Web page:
The cold-blooded creatures native to Central and South America start to get sluggish when temperatures fall below 50 degrees (10 degrees Celsius), said Kristen Sommers, who oversees the nonnative fish and wildlife program for the Florida Fish and Wildlife Conservation Commission.
If temperatures drop below that, iguanas freeze up. “It’s too cold for them to move,” Sommers said.
They’re not the only reptiles stunned by this week’s cold snap: Sea turtles also stiffen up when temperatures fall. The wildlife commission’s biologists have been rescuing cold-stunned sea turtles found floating listlessly on the water or near shore, but no such rescue is planned for iguanas.
Well-meaning residents finding stiffened iguanas are advised to leave them alone, as they may feel threatened and bite once they warm up.
“Don’t assume that they’re dead,” Sommers said.
Green iguanas are an invasive species in Florida known for eating through landscaping and digging burrows that undermine infrastructure. They can grow over 5 feet (1.5 meters) long, and their droppings can be a potential source of salmonella bacteria, which causes food poisoning.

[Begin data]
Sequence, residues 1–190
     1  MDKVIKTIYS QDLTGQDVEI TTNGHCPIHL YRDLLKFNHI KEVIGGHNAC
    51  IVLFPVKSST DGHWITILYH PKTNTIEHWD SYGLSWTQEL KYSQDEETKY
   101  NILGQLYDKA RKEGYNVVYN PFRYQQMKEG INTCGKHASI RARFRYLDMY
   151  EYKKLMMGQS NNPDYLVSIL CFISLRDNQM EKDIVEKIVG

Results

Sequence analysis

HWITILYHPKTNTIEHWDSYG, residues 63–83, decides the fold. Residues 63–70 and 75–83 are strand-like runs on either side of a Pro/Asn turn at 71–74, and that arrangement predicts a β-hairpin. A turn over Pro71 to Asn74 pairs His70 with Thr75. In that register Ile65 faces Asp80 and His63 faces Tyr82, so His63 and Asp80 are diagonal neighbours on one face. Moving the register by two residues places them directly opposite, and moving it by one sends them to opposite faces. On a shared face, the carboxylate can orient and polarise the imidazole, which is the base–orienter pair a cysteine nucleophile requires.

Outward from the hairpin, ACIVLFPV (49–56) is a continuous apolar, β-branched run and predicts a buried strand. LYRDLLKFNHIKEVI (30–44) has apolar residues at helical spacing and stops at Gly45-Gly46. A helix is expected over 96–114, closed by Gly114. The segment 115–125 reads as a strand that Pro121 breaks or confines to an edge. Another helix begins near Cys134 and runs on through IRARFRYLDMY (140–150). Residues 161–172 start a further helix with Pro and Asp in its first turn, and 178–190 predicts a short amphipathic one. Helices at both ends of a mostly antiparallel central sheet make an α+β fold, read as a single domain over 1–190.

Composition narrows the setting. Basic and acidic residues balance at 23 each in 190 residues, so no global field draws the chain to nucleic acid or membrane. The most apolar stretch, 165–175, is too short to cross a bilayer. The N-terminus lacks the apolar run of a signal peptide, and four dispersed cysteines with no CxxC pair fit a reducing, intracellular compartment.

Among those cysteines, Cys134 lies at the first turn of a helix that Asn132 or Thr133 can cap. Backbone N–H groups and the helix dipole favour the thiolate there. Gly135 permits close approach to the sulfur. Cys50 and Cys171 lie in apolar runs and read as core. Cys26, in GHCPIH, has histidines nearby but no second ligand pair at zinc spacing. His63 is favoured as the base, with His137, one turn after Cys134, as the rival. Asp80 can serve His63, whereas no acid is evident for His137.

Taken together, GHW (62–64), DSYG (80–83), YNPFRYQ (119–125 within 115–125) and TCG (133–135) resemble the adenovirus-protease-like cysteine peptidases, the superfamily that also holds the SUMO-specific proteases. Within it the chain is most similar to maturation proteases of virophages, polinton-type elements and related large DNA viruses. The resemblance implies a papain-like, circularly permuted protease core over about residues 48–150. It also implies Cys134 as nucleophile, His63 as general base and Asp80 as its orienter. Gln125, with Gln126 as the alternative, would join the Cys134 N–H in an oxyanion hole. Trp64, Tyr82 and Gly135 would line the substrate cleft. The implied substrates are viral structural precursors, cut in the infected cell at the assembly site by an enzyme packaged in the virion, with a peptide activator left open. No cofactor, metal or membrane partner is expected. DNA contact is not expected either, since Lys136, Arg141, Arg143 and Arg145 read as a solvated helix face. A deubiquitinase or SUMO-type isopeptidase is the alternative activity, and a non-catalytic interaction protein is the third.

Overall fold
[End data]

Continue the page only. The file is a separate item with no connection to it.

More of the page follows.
The wildlife commission has begun holding workshops to train homeowners and property managers to trap or manage iguanas. The reptiles may be easier to catch this week, Sommers said.
“This provides an opportunity to capture some, but I’m not sure it’s going to be cold enough for long enough to make enough of a difference,” she said. “In most cases, they’re going to warm back up and move around again, unless they’re euthanized.”
A two-week cold snap with temperatures below 40 degrees (5 degrees Celsius) in 2010 killed off many iguanas, along with Burmese pythons and other invasive pests that thrive in South Florida’s subtropical climate. Those populations have since rebounded.
Elsewhere in Florida, the effects of a brutal winter storm rolling up the East Coast were less exotic. It snowed briefly Wednesday in the state’s capital, Tallahassee, for the first time in 28 years.